Posts Tagged speech contest
Today I attended the annual English / Japanese speech contest at Numazu library. The event was hosted by NICE – Numazu Association for International Communication and Exchanges. The Penpal is a member of NICE, so I went along to check it out.
When I learned about the contest a few months ago, I had given some thought to entering. The demand was much greater than the supply – 24 people tried to enter but only 10 Japanese speeches were presented. There were also 10 English speeches by Japanese residents. My favourite speeches were about the differences in communication styles between Japanese and American housewives, and an elderly Japanese man’s scorching rant about those annoying teens in sweatpants who hang out in front of convenience stores.
I really admire the courage shown by everyone who made a speech: public speaking makes a lot of people nervous, nevermind public speaking in your second language.
I overslept before the contest and didn’t have any time to eat before I got there. By the end of 20 speeches I was STARVING. On my way home I stopped at the new donair food truck in front of Don Kihote. If you’ve never eaten a donair, you are truly missing out on one of life’s great pleasures.
When I got home I received an invite from the Penpal to come over for dinner. I was still full from my late lunch, but I never, EVER refuse homemade curry. Yum!
Today I went to the English / Japanese speech contest at Numazu library. The event was hosted by NICE – Numazu association for International Communications and Exchanges (shouldn’t that be NAICE?)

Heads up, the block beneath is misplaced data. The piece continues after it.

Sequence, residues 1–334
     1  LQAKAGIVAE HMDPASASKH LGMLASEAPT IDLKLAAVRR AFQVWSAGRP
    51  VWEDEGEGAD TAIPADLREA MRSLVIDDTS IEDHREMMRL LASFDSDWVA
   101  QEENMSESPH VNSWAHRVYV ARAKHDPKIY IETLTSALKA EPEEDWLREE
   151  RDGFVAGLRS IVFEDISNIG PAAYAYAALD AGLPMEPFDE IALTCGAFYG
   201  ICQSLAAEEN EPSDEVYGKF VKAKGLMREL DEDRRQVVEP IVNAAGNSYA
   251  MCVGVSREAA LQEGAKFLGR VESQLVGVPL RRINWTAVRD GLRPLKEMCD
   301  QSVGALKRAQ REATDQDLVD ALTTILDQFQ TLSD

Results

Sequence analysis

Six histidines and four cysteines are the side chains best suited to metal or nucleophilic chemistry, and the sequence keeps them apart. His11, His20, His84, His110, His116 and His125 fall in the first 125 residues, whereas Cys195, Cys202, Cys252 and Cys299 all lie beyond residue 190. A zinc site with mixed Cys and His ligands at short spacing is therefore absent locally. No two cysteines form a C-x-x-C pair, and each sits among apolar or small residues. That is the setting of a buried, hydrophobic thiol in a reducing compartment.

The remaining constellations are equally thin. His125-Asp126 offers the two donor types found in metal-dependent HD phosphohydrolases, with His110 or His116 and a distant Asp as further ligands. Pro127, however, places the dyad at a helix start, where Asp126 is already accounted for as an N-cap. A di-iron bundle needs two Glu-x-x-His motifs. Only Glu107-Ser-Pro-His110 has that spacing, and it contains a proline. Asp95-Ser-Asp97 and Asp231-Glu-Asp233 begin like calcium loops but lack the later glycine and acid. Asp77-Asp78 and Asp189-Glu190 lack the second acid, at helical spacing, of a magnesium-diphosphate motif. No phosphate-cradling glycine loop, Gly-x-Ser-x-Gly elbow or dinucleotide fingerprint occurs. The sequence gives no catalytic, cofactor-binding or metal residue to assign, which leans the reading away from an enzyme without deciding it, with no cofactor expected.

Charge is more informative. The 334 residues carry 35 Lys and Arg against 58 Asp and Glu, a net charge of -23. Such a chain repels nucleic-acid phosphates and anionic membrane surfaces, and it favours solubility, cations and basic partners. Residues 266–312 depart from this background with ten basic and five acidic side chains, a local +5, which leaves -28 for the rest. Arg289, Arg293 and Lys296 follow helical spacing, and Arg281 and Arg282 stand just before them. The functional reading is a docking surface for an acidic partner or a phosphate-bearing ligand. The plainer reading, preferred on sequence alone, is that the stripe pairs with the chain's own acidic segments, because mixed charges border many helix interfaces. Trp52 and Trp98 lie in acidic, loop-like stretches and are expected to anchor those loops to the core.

There were two hosts to the event – one speaking English and one speaking Japanese. The Penpal was the English speaking host for the day. To add a bit of class to the event, the hosts were dressed nicely, with The Penpal wearing a kimono.
A common mistake that non-Japanese people make is to confuse a kimono with a yukata. A kimono refers to a formal and elaborate garment that can cost thousands of dollars, where a yukata is a lighter, less formal robe. In order to get properly dressed in her kimono, she went to a special shop before the event where trained staff spent almost 90 minutes getting her dressed.
This was my first time to see The Penpal in her kimono, and she looked fantastic!
The speeches were interesting, covering a wide range of topics. My favourite speech of the day was in English, given by a retired older woman who studies English as a hobby. When she started her speech she was so nervous that she was visibly shaking. As she got into her speech and got more comfortable, her confidence grew, and by the end she finished strong and looked very happy.
I truly admire the courage of anyone who gets up in front of a crowd to speak, especially in a foreign language. If I am still in Japan at the same time next year, I would like to test my Japanese skills and enter the contest myself.